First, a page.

What might dear old Dad have said after his younger, prodigal son, requested his share of the inheritance, while dear old Dad was yet alive? The original drama below, by Pr. Mathew Swora, based on the parable which Jesus told, recorded in Luke 15: 11-32, is an attempt to recreate the meaning and the emotions of the son’s request and Dad’s surprising response:

“There was a man who had two sons. 12 The younger one said to his father, ‘Father, give me my share of the estate.’ 

Dad: That’s funny. If I didn’t know any better, I would have sworn that I just heard you ask me for your share of the inheritance!

Son: You heard right, Dad.

Dad: Good thing I’m used to your outrageous sense of humor, Son. Someone else might have taken your joke seriously, and popped a blood vessel. But I know you, always a clown, always pushing the envelope!

Son: I’m NOT kidding. I want what’s mine, and I want it NOW!


Dad: You’re serious?

Son: Do I look like I’m not?

Dad: I’m stunned. I never saw this coming. I never ever even considered the possibility. Children usually wait for their parents to die before they lay hold of the inheritance. And I’m no spring chicken. What’s the hurry, that you would so greatly dishonor your old man and break his heart?

Son: So, I’m impatient. Deal with it!

Dad: It’s like you wish me dead already! Or how else should I take your demand?

Son: Take it any which way you want, old man. I’m leaving, and I want my part of the inheritance NOW, not later!

Dad: Hold on a second. You just might get your inheritance the usual way. (Clutching his chest) This feels like it’s gonna be the big one. I’m coming, Rachel!

Son: Skip the theatrics, Dad. Give me my share of the money, now, and you can die whenever you like, for all I care!

Dad: So, what did I do to deserve so outrageous an insult, my son?

Son: It’s not about you, Dad. You’ve always been okay, if a little bit square and stodgy. It’s about me. I gotta be free, gotta spread my wings and fly. There’s a big, bold, beautiful world out there with my name all over it.

Dad: So, what would you do out there with your part of the inheritance?

Son: You don’t wanna know. You aren’t gonna like it.

Dad: Does it involve anything that your mother and I and the rabbi warned you against?

Son: That and more, more than you’ll ever know or even think about in this uptight, two-bit, one-horse backwater of a wide spot in the road where everyone is related to each other. Man! I’ve been achin’ to get outta here for ages!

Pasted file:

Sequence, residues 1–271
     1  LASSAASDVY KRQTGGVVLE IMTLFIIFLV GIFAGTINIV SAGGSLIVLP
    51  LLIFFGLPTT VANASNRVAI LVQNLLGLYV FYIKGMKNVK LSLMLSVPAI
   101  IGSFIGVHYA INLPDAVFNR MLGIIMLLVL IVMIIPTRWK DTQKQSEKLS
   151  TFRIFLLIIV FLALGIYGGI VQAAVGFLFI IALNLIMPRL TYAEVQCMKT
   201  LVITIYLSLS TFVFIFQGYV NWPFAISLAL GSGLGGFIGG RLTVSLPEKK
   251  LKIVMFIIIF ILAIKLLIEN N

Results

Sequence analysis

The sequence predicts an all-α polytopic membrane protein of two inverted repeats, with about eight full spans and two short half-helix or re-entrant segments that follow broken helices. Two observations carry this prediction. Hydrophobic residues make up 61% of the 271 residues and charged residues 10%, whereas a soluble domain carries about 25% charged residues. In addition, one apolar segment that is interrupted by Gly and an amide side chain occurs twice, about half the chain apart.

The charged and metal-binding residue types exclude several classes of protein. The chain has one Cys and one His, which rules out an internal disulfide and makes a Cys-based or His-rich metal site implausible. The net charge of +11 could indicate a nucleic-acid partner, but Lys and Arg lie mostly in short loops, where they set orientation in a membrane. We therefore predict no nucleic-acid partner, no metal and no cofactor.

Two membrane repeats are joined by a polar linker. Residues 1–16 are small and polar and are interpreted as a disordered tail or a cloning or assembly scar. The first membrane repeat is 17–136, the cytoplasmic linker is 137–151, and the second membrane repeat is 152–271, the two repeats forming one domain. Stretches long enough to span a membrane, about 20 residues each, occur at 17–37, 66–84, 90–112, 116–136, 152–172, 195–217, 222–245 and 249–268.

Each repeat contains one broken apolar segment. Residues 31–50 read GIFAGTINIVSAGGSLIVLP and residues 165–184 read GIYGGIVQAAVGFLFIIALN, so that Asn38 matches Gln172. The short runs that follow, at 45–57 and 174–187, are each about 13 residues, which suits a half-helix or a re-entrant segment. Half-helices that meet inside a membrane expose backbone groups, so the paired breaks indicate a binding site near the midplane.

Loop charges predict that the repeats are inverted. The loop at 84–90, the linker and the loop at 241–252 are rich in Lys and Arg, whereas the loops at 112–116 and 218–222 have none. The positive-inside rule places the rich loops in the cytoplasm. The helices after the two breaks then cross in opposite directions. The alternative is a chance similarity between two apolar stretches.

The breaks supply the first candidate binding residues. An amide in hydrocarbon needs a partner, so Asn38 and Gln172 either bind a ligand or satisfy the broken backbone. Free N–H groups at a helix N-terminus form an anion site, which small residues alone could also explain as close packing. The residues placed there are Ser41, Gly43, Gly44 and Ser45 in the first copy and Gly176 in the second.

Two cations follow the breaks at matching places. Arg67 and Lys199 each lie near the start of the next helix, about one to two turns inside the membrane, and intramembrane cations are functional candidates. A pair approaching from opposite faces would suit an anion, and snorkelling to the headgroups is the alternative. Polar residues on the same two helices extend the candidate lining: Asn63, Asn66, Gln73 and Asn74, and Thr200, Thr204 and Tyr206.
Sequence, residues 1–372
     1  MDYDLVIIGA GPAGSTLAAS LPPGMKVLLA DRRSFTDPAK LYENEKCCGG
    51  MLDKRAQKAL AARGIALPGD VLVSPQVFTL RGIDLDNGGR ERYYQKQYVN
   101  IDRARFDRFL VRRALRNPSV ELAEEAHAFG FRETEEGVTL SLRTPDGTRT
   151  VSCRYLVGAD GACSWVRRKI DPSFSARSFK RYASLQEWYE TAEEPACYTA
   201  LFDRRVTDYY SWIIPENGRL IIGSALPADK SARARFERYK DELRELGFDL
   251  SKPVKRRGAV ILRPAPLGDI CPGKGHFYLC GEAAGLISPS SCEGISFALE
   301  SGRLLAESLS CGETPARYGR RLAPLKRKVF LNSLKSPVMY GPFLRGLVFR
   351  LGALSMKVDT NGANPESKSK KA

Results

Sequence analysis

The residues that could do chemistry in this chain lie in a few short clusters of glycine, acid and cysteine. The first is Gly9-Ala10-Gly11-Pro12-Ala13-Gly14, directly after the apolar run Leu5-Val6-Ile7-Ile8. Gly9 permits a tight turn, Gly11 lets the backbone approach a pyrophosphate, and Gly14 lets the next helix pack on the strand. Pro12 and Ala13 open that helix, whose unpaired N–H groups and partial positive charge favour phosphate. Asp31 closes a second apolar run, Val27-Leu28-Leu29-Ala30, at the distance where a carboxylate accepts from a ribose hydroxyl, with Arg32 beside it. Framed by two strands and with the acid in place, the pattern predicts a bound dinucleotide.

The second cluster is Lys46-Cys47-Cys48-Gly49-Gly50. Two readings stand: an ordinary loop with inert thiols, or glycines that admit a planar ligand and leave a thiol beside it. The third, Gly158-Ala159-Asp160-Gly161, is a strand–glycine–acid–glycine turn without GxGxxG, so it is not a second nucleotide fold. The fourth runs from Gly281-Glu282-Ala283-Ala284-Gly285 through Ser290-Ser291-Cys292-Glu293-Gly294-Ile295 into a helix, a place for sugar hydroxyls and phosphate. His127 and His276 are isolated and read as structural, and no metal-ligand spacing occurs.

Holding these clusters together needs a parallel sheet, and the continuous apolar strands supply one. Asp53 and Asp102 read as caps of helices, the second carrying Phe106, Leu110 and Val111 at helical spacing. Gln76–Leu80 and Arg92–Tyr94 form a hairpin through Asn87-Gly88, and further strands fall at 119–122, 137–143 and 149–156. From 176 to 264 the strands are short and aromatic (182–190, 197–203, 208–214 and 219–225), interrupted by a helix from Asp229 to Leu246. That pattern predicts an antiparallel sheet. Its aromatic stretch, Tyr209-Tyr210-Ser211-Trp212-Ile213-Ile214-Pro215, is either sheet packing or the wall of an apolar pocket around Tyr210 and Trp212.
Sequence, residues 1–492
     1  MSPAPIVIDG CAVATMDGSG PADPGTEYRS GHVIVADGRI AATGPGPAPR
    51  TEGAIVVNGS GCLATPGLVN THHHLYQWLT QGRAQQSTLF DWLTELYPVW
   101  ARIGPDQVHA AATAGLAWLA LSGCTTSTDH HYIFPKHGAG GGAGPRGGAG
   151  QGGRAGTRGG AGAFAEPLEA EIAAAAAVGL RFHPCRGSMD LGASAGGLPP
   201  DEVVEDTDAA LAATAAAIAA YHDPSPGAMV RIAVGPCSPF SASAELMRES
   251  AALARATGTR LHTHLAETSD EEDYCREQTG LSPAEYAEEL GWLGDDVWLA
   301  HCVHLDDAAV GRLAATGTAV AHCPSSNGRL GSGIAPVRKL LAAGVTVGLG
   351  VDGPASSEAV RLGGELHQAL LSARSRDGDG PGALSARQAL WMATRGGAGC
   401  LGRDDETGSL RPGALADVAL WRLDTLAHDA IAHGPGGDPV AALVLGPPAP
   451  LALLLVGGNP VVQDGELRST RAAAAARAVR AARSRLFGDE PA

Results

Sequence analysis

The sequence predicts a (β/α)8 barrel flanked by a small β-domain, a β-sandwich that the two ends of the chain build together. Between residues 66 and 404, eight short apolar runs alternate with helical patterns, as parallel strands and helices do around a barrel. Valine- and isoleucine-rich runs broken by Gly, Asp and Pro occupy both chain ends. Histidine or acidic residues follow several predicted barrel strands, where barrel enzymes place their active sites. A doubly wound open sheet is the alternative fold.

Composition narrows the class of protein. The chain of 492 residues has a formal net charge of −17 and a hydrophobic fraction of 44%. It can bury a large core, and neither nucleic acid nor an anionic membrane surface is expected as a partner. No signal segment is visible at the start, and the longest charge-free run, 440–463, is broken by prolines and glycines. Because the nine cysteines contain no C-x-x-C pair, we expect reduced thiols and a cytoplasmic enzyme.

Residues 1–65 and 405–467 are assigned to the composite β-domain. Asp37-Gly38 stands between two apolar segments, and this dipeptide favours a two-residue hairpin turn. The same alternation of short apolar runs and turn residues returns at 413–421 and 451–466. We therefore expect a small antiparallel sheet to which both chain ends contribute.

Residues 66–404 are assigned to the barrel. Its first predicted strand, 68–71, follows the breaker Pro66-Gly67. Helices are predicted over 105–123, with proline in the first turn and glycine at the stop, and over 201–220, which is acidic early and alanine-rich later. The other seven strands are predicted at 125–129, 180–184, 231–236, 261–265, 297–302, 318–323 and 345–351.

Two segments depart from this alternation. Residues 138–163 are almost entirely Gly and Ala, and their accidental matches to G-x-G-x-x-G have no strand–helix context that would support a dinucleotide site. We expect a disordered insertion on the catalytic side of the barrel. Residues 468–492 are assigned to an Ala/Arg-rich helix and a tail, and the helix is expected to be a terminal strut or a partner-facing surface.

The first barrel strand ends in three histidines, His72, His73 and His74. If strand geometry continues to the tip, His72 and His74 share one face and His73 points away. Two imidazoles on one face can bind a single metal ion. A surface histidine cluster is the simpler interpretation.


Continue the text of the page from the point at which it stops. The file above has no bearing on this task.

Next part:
Dad: I could tell. And when the time came for you to leave, I was not going to try to keep you here against your will. But I never thought it would come to something as hurtful as demanding your inheritance while I am yet alive. “I reared sons but when they grew up, they rebelled against me.”

Son: Not my older brother, that prude! That stuck-up, goody-two-shoes prig! He never had the courage to rebel in the least, little way…. But those words you just said sound familiar. You’re not quoting the Bible at me, are you?

Dad: Of course. The opening words of the Prophet Isaiah.

Son: I should have known. Everything comes down to the Bible for you, doesn’t it, Dad?

Dad: It makes me the “okay” father you said I was.

Son: But I also said, “Square” and “stodgy.” Whatever! The only book I care about is our farm’s account book. Break it out and figure up my share of the inheritance. I’m leaving tomorrow morning. Or do you want me to just take what I figure I got coming?

Dad: “When Israel was a child, I loved him, and out of Egypt I called my son. But the more they were called, the more they went away from me.”

Son: More of the Bible, I take it?

Dad: From the prophet Hosea: “To them I was like one who lifts a little child to the cheek, and I bent down to feed them…How can I give you up, O Ephraim? How can I hand you over, Israel?”

Son: Well, it’s what I’m asking of you, Dad. No, more like it’s what I’m demanding of you. I’m leaving, whether you like it or not. So, give me my share of the inheritance, unless you want me to just take what I figure is mine. Otherwise I might just go off without it and starve to death!


Dad: Okay.


Son: Okay?

Dad: Okay. You get your inheritance.

Son: Really?

Dad: Yes, as you wish. I’ll sell off some of our livestock this afternoon and give you the proceeds tonight.

Son: Now you’re kidding.

Dad: No, I’m not. You’ll get your inheritance before you leave tomorrow.

Son: I wasn’t expecting such a response.

Dad: Like you said, I wouldn’t want you to starve to death.

Son: But why should you even care? Haven’t I just effectively disowned you? By demanding my share of the inheritance now, while you’re yet alive?

Dad: Of course, you did. I get that.

Son: Well, at the very least, I expected you to disown me back. What will the relatives and the community think if you don’t disown me?